Wyoming’s Game and Fish Commission made the correct legal choice for the contractor for the new G&F office in Cody. However, it was certainly not the best choice for Park County or Wyoming.
B.H. Inc., a Vernal, Utah, company with a satellite office in Rock Springs, was declared eligible for the project under the Wyoming law that gives preferential treatment to Wyoming companies. The contract was for $8.8 million.
The decision to award the bid was delayed so that the G&F commission and the state attorney general’s office could determine if B.H. was qualified as a resident company.
Groathouse Construction of Cody was underbid by $8,500, which is less than .1 percent of the total project.
While the winning contract will save the state $8,500, undoubtedly most of the profits of the project will end up out-of-state.
If a Park County company had been awarded the contract, the dollars from wages and profits would have remained right here in Park County. Those dollars would have paid mortgages, real estate taxes, sales taxes and benefited healthcare, schools and more.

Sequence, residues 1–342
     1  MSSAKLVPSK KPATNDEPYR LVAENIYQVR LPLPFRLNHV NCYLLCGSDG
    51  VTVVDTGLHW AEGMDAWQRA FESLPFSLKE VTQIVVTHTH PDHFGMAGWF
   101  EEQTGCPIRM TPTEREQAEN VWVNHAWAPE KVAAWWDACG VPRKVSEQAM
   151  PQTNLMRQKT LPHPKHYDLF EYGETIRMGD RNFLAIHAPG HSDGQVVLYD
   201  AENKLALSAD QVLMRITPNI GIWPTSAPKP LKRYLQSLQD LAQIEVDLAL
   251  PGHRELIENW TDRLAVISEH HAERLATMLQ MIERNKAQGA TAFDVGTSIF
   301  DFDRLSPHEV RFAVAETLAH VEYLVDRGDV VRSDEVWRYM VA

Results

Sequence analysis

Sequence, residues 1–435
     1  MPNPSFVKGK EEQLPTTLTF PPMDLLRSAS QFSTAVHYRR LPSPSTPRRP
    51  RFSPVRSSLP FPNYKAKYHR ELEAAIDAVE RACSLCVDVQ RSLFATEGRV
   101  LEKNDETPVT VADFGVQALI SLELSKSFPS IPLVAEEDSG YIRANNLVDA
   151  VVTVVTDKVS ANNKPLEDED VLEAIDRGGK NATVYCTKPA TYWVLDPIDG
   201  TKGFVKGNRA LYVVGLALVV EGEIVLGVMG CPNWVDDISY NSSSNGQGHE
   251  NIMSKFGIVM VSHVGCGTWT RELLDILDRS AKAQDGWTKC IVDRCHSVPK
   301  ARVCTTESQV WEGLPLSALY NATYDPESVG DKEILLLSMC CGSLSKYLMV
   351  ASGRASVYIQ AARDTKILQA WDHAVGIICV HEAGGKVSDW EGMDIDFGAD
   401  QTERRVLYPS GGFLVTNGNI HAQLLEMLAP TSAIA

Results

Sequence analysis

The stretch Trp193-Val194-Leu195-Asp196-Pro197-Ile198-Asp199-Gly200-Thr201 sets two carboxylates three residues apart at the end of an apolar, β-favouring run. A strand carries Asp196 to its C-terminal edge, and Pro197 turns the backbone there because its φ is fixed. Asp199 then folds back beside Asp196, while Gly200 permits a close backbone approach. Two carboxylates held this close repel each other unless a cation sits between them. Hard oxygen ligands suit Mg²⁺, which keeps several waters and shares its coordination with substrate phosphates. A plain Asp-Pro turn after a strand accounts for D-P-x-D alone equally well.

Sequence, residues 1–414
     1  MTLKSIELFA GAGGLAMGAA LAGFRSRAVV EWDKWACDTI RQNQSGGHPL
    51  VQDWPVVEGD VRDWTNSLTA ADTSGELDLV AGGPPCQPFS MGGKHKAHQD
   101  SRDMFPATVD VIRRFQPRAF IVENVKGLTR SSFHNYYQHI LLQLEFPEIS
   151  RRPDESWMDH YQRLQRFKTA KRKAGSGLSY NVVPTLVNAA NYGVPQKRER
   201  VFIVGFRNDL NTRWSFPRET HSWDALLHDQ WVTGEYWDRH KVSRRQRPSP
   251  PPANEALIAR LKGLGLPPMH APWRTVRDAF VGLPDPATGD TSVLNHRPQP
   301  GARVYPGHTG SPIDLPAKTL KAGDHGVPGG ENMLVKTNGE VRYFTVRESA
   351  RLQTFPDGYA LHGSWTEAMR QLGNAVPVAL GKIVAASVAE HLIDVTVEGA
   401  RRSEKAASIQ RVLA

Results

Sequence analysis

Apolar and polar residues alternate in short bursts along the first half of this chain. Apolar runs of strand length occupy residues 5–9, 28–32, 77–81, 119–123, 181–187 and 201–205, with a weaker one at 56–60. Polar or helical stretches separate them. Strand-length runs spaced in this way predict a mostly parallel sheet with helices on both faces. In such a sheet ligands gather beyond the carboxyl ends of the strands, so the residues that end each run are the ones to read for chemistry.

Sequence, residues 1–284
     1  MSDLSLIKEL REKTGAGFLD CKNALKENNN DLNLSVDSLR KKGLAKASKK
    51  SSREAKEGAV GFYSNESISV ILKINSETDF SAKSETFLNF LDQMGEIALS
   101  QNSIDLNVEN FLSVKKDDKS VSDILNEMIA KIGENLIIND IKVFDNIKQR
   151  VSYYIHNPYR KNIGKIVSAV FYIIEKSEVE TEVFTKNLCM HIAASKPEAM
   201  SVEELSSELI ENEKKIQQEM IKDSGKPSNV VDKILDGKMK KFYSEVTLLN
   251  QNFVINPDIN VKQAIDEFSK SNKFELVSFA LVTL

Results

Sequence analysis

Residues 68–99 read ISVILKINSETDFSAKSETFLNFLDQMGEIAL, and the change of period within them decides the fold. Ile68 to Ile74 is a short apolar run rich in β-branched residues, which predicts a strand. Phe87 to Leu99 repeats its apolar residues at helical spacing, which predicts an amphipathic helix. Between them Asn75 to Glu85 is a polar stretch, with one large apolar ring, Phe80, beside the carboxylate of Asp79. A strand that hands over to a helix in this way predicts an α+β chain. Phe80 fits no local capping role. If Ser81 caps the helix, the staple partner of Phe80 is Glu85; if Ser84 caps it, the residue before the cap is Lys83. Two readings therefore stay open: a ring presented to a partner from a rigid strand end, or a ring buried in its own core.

Just a few weeks after the G&F bid was awarded, the Park County commissioners awarded Harris Trucking & Construction of Cody the right to purchase the scrap metal at the county landfill despite the fact that company was not the high bidder.
Harris Trucking was competing against two out-of-state companies.
The difference between the two cases was the state requires no more than a 5% difference in bids between in-state and out-of-state competing firms. Park County requires a 10% difference.
Keeping government dollars in-state has tremendous benefits both immediate and long-term for the residents of Wyoming.
We encourage government agencies to remain as fiscally conservative as possible, but sometimes spending a few dollars more can be a beneficial investment in the state.
We believe the Wyoming Legislature might need to upgrade its preferential treatment procurement policy.